In hindsight I think it was the heat, the exhaustion, the waiting, fear/frustration and definitely dehydration. The vet’s assistant had given him some dog food that he usually does not eat. Dog food always makes him very thirsty and it was my big mistake to not insist that he be given water after he ate. It was a natural instinct that I ignored, to his peril. Excessive thirst and salivating is also a symptom of kidney trouble. The X-ray showed no visible stones in either the kidney or the urethra. So the vet concluded that there must be a small build up of minerals (precipitation, he called it) in the upper urethra that happens particularly to male dogs. As the urine passes over these minerals, they grate against the urethra lining causing it to bleed. That’s why it is visible at the end of the urination when there is not much urine output. Also male dogs tend not to urinate all in one place and prefer to spread it on many trees. So the few drops that come out causes more straining and bleeding. But looking at this slightly elevated Blood Urea (29, when the upper limit is 25) and Lymphocyte level but normal creatinine the vet said he was not too concerned and the condition was at its very early stages. So early in fact that there was no need for antibiotics especially as he had no other symptoms of kidney trouble like vomiting.
Abroozi’s been given a special Renal diet by Royal Canine for around 2 weeks, two homeopathic drugs – Alkapet and Nefrotec DS by Himalaya. He also said that lots of fluids will flush out the mineral deposits. His ragi (millet flour) has been stopped. This is so that he can have a more alkaline rather than acidic diet.
I suspect that we were not taking him out often enough to pee. Holding urine can cause UTI in humans and dogs. We would take him out in the morning around 6 am and after that only in the evening. He never drank much water in between except with his lunch. This was a big mistake on my part. He was probably holding his urine. Even after 3 and a half years, a rookie mistake on my part. So now we take him out in the morning at 6am for his walk, then at 10:30am, then around 3:30 pm and then, for his walk at 5pm and then at night around 9pm. Each time he comes back in he gets a bowl of buttermilk or milk with water or vege/beef stock. Right now we are pumping him with fluids and after another blood test which will hopefully reveal normal results, we won’t be so excessive. As a guide, a puppy should not be expected to hold his bladder for more than 1-2 hrs and a grown dog should be allowed to pee every 4 to 6 hrs.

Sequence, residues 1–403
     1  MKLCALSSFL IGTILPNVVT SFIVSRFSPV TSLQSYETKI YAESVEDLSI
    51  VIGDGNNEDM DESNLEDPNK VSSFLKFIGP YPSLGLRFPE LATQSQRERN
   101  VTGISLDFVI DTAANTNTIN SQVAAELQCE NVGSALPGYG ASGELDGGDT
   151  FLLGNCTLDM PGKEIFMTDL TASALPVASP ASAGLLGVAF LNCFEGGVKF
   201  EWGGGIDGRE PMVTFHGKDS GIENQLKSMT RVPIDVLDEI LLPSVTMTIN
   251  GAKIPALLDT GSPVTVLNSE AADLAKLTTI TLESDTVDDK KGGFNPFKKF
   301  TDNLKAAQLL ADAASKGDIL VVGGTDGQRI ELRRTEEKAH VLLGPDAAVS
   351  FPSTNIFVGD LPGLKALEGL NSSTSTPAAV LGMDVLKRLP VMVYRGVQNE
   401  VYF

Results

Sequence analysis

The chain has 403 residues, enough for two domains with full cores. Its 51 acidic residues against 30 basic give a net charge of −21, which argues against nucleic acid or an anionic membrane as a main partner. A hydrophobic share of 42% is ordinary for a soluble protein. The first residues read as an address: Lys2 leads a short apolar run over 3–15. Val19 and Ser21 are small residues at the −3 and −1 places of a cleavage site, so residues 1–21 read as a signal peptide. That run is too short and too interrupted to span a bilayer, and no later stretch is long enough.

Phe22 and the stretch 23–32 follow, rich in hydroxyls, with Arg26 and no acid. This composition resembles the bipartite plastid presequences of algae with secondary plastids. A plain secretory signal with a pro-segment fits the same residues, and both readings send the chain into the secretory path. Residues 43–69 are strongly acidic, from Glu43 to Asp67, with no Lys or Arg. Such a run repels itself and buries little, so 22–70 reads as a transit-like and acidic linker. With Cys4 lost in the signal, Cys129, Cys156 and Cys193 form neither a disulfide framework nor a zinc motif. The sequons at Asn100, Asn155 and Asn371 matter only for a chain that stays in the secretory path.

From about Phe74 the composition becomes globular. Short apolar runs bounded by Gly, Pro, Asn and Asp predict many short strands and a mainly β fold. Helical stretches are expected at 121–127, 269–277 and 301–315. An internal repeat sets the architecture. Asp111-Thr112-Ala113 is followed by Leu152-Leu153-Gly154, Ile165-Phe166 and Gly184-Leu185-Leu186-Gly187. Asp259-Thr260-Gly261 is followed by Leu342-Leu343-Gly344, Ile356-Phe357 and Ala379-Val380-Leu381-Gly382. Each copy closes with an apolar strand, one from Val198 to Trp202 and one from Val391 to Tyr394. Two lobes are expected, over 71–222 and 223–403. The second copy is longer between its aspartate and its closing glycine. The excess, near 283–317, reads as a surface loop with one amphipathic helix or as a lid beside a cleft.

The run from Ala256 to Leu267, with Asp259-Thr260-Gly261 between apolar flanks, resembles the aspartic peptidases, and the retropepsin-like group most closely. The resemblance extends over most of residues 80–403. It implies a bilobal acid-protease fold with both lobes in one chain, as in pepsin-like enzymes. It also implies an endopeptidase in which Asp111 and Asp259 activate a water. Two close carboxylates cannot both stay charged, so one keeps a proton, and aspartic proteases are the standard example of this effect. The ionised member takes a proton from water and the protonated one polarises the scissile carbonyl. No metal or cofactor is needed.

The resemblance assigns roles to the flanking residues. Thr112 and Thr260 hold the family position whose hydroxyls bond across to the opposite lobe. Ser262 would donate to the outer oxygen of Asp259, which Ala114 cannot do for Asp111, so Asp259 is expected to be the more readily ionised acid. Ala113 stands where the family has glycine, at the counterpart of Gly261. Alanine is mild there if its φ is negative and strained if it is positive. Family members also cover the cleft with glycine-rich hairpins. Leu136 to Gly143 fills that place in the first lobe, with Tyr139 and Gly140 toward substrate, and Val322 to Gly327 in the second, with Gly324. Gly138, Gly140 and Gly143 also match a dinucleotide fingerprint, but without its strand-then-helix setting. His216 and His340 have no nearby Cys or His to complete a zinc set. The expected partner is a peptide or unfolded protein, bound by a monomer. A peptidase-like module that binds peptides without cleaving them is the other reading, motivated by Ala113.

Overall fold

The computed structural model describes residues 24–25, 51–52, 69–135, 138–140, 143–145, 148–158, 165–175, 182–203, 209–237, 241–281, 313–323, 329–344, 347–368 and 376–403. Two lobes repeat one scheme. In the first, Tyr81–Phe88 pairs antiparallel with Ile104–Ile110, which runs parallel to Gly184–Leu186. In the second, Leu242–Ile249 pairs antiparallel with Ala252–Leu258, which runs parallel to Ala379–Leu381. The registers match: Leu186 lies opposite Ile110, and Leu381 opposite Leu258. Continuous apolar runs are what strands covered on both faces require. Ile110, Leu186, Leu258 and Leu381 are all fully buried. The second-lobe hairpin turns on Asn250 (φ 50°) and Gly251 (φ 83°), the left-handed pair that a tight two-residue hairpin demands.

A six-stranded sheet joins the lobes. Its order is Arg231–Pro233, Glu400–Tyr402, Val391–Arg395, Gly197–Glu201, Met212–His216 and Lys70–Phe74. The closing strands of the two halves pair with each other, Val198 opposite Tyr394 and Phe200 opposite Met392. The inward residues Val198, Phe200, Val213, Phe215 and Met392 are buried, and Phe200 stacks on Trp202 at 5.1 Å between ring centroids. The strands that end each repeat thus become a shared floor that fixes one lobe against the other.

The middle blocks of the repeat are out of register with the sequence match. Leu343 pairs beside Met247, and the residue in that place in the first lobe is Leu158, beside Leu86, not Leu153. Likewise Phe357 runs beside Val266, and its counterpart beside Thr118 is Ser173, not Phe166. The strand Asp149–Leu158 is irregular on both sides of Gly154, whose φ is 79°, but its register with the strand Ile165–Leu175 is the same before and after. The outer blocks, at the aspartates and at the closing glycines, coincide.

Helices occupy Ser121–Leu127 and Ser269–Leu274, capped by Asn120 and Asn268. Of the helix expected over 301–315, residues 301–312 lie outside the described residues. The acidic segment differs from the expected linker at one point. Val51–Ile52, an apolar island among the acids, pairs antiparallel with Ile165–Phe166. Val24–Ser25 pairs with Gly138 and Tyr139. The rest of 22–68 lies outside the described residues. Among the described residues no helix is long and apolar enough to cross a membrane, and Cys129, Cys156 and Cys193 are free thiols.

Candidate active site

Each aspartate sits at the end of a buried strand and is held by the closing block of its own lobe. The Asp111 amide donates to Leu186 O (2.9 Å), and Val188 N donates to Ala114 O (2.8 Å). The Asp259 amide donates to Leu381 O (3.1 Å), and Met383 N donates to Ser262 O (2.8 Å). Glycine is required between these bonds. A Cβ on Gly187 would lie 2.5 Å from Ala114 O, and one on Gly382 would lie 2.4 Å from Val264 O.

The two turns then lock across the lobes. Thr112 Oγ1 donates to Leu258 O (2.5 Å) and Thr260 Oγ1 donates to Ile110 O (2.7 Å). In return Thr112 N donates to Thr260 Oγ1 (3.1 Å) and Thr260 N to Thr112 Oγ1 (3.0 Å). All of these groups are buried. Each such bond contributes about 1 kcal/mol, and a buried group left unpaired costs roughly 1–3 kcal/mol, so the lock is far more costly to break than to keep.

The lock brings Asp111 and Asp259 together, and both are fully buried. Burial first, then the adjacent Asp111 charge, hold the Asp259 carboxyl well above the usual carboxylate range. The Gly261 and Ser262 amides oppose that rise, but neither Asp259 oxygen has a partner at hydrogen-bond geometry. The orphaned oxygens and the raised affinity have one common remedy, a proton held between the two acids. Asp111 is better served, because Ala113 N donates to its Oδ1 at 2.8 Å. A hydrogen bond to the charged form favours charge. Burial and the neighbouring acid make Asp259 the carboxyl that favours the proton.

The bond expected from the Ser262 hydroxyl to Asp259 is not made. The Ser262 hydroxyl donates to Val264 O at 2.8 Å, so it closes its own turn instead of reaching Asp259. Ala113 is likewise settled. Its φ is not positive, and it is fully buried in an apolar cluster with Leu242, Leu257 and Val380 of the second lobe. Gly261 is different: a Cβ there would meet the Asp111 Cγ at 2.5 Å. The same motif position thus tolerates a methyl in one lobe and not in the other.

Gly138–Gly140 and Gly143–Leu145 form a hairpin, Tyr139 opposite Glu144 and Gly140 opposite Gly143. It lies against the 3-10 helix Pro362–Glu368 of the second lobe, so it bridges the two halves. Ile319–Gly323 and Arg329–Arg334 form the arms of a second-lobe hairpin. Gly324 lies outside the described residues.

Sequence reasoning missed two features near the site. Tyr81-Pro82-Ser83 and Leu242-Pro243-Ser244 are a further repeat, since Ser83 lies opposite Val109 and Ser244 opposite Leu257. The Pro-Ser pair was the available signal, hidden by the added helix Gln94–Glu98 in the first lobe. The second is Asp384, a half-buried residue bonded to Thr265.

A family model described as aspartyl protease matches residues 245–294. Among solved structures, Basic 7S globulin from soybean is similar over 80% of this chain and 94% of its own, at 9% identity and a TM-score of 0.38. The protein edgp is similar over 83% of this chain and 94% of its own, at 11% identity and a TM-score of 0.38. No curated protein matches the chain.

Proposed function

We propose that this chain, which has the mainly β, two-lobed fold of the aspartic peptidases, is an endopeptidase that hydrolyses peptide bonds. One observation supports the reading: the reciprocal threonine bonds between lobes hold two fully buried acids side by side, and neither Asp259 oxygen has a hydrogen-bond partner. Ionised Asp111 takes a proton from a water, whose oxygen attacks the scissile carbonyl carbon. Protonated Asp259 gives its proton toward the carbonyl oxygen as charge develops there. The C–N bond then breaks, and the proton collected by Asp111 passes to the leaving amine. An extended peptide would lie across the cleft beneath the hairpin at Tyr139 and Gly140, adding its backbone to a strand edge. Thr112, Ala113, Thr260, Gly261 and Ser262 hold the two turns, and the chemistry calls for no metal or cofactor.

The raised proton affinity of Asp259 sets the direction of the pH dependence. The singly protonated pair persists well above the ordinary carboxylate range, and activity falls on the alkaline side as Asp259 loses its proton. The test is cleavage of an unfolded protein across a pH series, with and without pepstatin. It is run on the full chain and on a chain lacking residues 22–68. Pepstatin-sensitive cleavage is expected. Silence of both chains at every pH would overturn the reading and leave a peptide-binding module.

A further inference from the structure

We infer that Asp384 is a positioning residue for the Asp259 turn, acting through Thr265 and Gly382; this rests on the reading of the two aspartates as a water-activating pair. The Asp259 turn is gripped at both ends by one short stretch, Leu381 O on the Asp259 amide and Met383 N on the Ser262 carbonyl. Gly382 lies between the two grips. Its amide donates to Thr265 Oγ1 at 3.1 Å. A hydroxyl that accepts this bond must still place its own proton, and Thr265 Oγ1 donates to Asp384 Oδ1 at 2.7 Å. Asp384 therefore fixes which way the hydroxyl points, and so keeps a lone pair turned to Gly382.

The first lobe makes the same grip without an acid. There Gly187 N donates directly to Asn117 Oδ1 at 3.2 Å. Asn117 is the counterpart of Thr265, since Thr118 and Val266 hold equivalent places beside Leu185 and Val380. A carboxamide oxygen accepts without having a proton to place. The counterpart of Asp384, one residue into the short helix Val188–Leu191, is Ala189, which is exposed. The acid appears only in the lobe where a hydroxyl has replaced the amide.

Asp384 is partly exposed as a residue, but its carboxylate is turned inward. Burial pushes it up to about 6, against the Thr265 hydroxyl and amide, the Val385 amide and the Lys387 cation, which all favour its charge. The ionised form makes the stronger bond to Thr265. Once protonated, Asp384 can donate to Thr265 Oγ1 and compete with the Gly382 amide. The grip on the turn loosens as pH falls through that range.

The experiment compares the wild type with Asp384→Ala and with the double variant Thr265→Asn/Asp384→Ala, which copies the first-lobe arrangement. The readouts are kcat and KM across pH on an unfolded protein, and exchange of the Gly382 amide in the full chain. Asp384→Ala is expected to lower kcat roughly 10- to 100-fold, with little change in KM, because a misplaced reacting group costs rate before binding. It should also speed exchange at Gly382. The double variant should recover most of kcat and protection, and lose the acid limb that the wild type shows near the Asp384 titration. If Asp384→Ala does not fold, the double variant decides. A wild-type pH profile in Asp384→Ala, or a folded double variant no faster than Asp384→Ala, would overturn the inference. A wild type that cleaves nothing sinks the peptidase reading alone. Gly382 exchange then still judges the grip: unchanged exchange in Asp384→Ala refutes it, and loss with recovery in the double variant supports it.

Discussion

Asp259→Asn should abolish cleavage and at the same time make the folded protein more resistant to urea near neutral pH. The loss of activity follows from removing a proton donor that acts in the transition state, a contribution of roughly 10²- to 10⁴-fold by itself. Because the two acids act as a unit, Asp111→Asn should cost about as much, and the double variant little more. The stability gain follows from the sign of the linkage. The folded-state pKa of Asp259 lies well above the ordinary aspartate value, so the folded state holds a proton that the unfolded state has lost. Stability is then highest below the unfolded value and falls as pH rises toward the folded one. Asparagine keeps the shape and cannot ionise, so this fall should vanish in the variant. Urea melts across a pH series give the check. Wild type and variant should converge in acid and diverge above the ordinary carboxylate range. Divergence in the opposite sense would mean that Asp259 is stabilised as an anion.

The reason behind telling you this is that from day one we always looked at Abroozi’s pees and poos. As a dog owner you or whoever walks your dog must look at what’s coming out because this is a good indication of whether your pet is healthy or not. If we hadn’t been watching, we’d never have seen the blood in his urine and the problem could have seriously escalated to dangerous levels. Dogs, like babies can’t tell you when something’s wrong. The difference is that babies will cry bloody murder when they’re uncomfortable but a dog (with or without his cojones) will remain steadfast even when in great discomfort.
Rest assured, after those two episodes of blood in his urine, one week later and Abroozi is absolutely fine. I hate that he’s been to the vet quite a few times this month for his operation and his cough. According to the vet, his neutering has nothing to do with the UTI. But other than that he’s been great all year round. So I’m not complaining.